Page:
A Grammy Salute to The Beatles at Los Angeles Convention Center
Jan. 27, 2014
I grew up listening to Breakfast With The Beatles on KLOS with my parents, and I remember hearing stories from my dad about seeing them when he was younger. We still talk about how they influenced a generation and impacted the music industry as a whole, and I believe this may have jump-started my passion for music. When the opportunity arose to see this milestone event, I jumped at the chance. This was the first post-Grammys concert where they had a bunch of artists perform various Beatles songs, capping the night with a medley of hits performed by Paul McCartney and Ringo Starr. This is the closest I will ever be to seeing The Beatles perform so it was an incredible night!
Justin Timberlake at Hollywood Palladium
Feb. 10, 2013
This was the party to be at after the GRAMMYS in 2013! Apparently, he was focused on acting and other ventures for a few years, so this was sort of a comeback to music for JT. I remember rushing from Downtown to Hollywood after the awards show to get into the venue. It was jam-packed with people anxiously awaiting the first song. Once he took the stage, it was a non-stop dance party, and when Jay-Z joined him on stage for “Suit & Tie” we lost our shit. This was a super fun, exclusive, crazy night that I felt so fortunate to be a part of.
Jay-Z & Kanye West / Watch The Throne at Staples Center in Los Angeles
Dec. 12, 2011
Two of the greatest that ever did it (pre-crazy), on stage together, going back and forth, hit after hit. It was a few hours of insanity, ending the night with that one song played 11-times in a row! Each time they yelled “AGAIN” the audience went even harder! If you know, you know.
Coldplay at Club Nokia in Los Angeles
Feb. 2, 2012
I’ve seen Coldplay numerous times, but to be able to see them in such an intimate setting was beyond memorable. Not only do their songs illicit the gamut of emotions, but the projection mapped imaging, RFID triggered wristbands, and overall spectacle of their show made it one of the most overwhelming musical experiences I’ve ever seen. The fact that this was a benefit show for LA Youth made it even better.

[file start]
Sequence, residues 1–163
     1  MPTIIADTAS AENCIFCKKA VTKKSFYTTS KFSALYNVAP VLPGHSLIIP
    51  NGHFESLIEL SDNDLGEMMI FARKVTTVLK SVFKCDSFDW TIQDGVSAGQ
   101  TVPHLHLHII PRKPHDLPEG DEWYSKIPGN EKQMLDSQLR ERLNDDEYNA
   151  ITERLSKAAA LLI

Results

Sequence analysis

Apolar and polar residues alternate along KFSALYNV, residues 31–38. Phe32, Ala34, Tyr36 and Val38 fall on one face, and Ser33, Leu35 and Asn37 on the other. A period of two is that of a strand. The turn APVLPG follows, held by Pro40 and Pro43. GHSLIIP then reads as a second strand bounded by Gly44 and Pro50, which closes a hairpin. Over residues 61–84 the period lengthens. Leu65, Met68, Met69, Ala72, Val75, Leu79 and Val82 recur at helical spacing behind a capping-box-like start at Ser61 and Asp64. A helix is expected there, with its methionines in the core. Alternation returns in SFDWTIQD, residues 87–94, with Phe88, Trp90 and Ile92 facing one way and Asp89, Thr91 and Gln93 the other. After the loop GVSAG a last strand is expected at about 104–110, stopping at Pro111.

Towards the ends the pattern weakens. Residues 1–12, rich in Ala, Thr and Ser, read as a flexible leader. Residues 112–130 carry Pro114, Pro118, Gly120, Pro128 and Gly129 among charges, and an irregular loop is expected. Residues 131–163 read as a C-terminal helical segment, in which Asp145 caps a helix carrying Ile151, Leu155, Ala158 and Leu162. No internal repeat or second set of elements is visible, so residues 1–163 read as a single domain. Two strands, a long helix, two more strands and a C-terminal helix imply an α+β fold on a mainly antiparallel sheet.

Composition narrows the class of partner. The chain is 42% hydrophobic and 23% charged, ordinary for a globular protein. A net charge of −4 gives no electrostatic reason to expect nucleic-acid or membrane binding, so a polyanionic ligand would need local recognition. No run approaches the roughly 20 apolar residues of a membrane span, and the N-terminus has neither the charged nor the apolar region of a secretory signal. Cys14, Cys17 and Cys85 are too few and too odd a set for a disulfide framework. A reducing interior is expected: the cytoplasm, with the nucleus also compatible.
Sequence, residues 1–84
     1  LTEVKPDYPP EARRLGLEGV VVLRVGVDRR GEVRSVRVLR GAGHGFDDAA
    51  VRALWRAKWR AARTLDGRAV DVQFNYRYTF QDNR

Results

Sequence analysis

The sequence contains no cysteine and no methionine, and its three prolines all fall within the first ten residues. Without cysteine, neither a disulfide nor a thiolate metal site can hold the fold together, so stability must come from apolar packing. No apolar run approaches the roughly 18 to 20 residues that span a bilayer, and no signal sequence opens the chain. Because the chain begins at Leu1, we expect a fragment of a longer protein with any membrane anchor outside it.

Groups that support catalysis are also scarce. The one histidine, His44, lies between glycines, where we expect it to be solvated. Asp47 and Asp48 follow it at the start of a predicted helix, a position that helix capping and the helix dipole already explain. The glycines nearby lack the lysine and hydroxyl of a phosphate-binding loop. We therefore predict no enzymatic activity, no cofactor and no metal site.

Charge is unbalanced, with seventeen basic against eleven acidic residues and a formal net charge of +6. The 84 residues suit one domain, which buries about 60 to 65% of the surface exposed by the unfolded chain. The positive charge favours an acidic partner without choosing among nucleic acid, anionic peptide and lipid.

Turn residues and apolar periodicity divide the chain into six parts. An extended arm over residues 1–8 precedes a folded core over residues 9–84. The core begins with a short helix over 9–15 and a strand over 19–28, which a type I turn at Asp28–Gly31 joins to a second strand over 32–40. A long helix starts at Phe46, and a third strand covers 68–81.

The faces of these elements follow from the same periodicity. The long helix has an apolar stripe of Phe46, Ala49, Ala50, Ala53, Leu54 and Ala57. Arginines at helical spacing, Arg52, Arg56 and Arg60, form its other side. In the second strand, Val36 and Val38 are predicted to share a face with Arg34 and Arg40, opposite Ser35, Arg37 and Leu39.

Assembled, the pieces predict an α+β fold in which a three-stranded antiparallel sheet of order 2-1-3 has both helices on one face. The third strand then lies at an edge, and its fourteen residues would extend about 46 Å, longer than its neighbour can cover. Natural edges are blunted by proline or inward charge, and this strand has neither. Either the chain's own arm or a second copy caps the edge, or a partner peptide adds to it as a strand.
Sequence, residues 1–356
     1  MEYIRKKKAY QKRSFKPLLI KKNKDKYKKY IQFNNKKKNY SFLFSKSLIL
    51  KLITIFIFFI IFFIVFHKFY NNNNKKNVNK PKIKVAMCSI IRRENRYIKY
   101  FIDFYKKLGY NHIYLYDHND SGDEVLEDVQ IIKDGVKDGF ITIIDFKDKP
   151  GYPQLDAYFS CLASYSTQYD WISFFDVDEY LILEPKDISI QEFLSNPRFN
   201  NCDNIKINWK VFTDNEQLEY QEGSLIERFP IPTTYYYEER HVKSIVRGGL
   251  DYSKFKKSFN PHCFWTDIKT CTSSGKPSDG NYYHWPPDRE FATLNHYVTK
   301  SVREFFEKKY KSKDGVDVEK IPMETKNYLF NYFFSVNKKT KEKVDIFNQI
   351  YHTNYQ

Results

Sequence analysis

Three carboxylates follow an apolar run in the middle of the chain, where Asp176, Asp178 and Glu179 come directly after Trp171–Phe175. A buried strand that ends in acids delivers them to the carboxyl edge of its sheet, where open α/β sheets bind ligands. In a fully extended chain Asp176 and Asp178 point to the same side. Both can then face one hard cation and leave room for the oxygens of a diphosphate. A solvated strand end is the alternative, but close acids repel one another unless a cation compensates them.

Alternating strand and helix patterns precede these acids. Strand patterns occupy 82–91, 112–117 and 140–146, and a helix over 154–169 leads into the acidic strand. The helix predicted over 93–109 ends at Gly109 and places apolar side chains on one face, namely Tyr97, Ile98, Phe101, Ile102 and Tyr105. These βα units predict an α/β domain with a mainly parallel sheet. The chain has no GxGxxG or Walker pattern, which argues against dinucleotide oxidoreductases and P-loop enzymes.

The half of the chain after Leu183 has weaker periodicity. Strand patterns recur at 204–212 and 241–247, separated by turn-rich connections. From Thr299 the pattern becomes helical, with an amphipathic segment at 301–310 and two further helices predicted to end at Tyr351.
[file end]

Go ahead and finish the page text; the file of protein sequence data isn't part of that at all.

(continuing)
Blink-182 at Coors Amphitheatre in San Diego, California
April 25, 2002
For those who don’t know, I am a fairly big fan of this band and of these 3 guys. I’ve seen nearly every show they’ve played in Southern California and have ventured even farther a few times to catch them. I haven’t just followed them as Blink-182, but all of their projects including Box Car Racer, The Transplants, +44, Angels & Airwaves, and reluctantly this new version of the band with Matt Skiba. I’ve always enjoyed the carefree, fun, and sometimes serious/political nature of their songs and actions. I know, they’re just a crappy punk rock band, but to me they’re a bit more. Many of their songs provided the soundtrack for significant parts of my life. I’ve enjoyed meeting them numerous times, and have built friendships with people because of them. I chose this show to highlight, because they were on point during the Pop Disaster Tour with Green Day and Jimmy Eat World. My friends and I drove down to SD for a fun weekend, sang at the top of our lungs to three great bands, had the time of our lives, and it was a hometown show for Blink! Making it even more memorable was having post-show burritos at Sombrero when Travis walked in, took some pictures, and hung out.
Latest posts by Taylor Mims (see all)
- Live Nation Unveils Plans for a New Fillmore Venue in New Orleans - June 21, 2018
- Mississippi Half-Step in New York - June 20, 2018
- Ed Sheeran Had His Very Own British Pub In Los Angeles for Two Nights - June 20, 2018